In a few places around the country groups are working to make August 27th a local or national holiday as a result of reading When the World Outlawed War.
“Last night I had the strangest dream I’d ever dreamed before,” wrote Ed McCurdy in 1950 in what became a popular folk song. “I dreamed the world had all agreed to put an end to war. I dreamed I saw a mighty room, and the room was filled with men. And the paper they were signing said they’d never fight again.” (Here are a few videos: Johnny Cash – Pete Seeger – Simon and Garfunkel – John Denver – Serena Ryder.)
That scene had happened in reality on August 27, 1928, in Paris, France. The treaty that was signed that day, the Kellogg-Briand Pact, was subsequently ratified by the United States Senate in a vote of 85 to 1 and remains on the books (and on the U.S. State Department’s website) to this day as part of what Article VI of the U.S. Constitution calls “the supreme Law of the Land.” Frank Kellogg, the U.S. Secretary of State who made this treaty happen, was awarded a Nobel Peace Prize and saw his public reputation soar — so much so that the United States named a ship after him, one of the “Liberty ships” that carried war supplies to Europe during World War II. Kellogg was dead at the time. So, many believed, were prospects for world peace. But following World War II, for the first time ever people were prosecuted for the brand new crime of making war — these charges explicitly justified by the Kellogg-Briand Pact. And the wealthy nations have not gone to war with each other since. War continues against and among poor nations only, much to our shame. But the possibility of eliminating war entirely if we choose has been well established.
The Kellogg-Briand Pact and its renunciation of war as an instrument of national policy is something we might want to revive. This treaty gathered the adherence of the world’s nations swiftly and publicly, driven by fervent public demand. We might think about how public opinion of that sort might be created anew, what insights it possessed that have yet to be realized, and what systems of communication, education, and elections would allow the public again to influence government policy, as the ongoing campaign to eliminate war — understood by its originators to be an undertaking of generations — continues to develop.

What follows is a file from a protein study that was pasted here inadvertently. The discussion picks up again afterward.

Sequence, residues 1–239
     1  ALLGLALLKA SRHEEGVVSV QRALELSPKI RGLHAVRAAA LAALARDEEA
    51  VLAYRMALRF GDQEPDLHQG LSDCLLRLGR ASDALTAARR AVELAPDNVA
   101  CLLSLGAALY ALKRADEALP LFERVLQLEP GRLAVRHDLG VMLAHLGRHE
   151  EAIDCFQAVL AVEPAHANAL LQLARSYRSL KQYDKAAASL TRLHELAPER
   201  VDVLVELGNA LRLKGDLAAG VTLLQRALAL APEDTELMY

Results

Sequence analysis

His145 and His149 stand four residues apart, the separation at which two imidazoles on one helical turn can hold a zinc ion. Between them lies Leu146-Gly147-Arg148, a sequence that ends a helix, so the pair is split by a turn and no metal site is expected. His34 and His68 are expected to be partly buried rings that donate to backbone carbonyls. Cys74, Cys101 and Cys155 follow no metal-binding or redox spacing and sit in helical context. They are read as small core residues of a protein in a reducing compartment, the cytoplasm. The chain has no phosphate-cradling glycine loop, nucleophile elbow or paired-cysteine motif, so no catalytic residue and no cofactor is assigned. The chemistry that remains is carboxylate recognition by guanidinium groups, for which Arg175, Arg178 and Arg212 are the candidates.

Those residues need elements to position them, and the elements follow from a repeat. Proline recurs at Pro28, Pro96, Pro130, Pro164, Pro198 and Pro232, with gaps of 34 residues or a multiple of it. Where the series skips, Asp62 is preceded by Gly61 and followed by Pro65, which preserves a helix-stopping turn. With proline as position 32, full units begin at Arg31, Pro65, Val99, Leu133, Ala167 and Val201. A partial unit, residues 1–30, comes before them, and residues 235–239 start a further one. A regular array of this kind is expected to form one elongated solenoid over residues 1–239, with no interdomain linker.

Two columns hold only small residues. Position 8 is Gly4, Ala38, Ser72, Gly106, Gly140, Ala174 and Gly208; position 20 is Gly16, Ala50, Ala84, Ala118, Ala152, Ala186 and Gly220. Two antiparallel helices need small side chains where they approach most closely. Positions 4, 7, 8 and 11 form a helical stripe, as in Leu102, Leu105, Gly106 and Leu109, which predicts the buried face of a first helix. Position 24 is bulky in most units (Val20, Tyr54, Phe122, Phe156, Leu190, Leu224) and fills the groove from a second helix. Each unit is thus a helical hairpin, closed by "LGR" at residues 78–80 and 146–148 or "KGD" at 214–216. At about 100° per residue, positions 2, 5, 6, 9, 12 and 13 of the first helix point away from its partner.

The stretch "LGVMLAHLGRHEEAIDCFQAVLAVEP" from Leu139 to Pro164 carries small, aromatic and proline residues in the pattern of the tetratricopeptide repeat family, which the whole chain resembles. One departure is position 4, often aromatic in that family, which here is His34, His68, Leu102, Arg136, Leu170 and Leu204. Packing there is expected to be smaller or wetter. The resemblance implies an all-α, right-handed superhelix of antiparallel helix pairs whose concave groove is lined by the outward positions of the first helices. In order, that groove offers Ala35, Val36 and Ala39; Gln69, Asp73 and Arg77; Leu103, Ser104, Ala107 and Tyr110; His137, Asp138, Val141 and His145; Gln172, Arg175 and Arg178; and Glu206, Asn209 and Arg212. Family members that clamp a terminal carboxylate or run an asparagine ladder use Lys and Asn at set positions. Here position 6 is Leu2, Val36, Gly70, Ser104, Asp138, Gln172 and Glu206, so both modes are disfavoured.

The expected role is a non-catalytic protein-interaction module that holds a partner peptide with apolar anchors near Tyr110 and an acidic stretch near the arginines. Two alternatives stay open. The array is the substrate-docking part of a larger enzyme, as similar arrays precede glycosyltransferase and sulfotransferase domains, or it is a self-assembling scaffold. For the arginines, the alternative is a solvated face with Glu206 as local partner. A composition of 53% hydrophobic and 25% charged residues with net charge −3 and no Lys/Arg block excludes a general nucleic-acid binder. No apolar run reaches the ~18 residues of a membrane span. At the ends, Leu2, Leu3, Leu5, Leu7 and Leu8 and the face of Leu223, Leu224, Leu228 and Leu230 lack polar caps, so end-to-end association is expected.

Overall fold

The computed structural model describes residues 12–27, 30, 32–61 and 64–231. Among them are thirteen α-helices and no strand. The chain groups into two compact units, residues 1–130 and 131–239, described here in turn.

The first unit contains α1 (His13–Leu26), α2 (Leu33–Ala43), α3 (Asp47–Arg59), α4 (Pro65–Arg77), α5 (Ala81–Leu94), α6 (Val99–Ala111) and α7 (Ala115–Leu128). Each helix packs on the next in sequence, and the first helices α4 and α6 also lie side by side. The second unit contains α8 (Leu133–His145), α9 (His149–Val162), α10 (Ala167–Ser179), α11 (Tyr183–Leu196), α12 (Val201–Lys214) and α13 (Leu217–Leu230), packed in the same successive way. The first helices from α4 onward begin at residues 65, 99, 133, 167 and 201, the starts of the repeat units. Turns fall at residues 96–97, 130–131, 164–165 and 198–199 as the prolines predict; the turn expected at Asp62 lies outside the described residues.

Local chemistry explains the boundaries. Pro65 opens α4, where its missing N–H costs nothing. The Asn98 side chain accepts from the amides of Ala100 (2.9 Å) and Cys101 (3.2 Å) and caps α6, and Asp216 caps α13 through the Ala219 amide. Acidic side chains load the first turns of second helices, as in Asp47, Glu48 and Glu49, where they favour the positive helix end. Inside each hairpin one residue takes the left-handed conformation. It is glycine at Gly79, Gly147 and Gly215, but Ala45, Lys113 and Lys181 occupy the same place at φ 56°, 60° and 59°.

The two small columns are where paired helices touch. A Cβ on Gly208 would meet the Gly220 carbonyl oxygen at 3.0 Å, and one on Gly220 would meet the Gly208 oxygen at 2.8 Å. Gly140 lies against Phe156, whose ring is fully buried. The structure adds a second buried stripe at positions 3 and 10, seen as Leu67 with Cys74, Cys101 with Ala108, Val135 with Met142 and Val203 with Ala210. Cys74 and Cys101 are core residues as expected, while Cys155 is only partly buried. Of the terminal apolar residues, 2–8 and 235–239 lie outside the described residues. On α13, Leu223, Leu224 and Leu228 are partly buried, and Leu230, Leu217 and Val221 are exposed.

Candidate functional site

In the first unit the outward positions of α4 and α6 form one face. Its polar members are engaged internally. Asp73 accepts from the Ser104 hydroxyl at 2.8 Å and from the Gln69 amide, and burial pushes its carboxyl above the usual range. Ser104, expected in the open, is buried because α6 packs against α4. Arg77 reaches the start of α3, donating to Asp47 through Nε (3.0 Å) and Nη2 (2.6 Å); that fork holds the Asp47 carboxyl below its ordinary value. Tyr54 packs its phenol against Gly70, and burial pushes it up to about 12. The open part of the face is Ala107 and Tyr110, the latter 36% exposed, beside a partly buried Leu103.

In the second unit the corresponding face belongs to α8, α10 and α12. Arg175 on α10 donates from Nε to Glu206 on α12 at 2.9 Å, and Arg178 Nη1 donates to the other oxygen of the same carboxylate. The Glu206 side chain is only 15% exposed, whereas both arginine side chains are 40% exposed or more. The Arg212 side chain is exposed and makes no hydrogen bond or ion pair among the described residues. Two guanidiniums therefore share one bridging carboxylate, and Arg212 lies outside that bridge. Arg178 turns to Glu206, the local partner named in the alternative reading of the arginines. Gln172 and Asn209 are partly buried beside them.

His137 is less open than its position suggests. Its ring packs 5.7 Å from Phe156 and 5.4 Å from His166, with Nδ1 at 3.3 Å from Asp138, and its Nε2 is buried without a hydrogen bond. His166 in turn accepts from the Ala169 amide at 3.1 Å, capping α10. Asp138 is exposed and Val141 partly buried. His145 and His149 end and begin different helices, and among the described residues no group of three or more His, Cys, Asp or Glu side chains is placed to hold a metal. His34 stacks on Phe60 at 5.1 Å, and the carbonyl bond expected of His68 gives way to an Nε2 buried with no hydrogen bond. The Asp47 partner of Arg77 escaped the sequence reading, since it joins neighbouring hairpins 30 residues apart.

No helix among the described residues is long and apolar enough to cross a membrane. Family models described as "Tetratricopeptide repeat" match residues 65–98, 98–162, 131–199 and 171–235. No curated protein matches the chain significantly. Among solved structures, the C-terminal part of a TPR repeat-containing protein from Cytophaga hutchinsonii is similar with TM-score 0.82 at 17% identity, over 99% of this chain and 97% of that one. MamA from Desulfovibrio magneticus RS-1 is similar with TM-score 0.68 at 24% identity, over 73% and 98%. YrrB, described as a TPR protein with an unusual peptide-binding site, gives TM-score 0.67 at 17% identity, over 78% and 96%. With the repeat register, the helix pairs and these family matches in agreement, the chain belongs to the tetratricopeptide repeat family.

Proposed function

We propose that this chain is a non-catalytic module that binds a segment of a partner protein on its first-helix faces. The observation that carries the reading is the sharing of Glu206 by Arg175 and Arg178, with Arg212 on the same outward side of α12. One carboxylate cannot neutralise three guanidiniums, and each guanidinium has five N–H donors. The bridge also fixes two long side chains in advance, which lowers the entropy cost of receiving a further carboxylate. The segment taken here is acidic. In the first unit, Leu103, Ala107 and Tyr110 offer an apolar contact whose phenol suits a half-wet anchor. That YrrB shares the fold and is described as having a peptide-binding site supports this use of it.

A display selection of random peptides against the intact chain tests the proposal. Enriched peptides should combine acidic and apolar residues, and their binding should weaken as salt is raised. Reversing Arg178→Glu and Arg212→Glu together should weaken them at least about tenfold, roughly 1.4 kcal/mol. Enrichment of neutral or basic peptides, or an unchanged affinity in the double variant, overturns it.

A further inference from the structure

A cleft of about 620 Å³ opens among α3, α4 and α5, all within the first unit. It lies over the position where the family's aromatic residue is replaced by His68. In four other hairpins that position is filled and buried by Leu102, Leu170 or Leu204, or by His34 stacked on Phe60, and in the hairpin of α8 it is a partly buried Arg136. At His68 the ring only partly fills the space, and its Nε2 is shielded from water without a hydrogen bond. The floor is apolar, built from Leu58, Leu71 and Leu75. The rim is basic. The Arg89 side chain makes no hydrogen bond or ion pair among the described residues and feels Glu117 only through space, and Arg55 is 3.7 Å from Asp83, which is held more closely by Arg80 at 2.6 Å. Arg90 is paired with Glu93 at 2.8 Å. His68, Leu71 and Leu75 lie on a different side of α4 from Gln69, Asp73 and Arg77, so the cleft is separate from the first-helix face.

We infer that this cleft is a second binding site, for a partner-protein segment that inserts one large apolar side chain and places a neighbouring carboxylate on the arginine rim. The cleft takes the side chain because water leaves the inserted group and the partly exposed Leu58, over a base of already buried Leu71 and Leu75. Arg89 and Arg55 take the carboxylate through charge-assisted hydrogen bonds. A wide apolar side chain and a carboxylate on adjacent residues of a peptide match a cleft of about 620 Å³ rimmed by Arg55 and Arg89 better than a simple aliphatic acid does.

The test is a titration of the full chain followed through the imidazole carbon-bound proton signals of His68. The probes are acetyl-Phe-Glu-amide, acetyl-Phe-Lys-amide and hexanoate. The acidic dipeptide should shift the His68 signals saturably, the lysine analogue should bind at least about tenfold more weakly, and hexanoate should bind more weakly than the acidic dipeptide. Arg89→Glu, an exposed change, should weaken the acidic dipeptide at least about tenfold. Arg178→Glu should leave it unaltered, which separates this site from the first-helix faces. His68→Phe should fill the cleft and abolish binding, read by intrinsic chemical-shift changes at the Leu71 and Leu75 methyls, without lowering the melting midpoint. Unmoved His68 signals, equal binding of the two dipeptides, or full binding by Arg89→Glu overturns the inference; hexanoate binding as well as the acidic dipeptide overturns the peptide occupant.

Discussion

We might begin by remembering what the Kellogg-Briand Pact is and where it came from. Perhaps, in between celebrating Veterans Day, Memorial Day, Yellow Ribbon Day, Patriots Day, Independence Day, Flag Day, Pearl Harbor Remembrance Day, and the Iraq-Afghanistan Wars Day legislated by Congress in 2011, not to mention the militaristic festival that bombards us every September 11th, we could squeeze in a day marking a step toward peace. I propose we do so every August 27th. Perhaps a national focus for Kellogg-Briand Day might be on an event in the National Cathedral in Washington, D.C., (if it safely reopens following the recent earthquake) where the inscription below the Kellogg Window gives Kellogg, who is buried there, credit for having “sought equity and peace among the nations of the world.”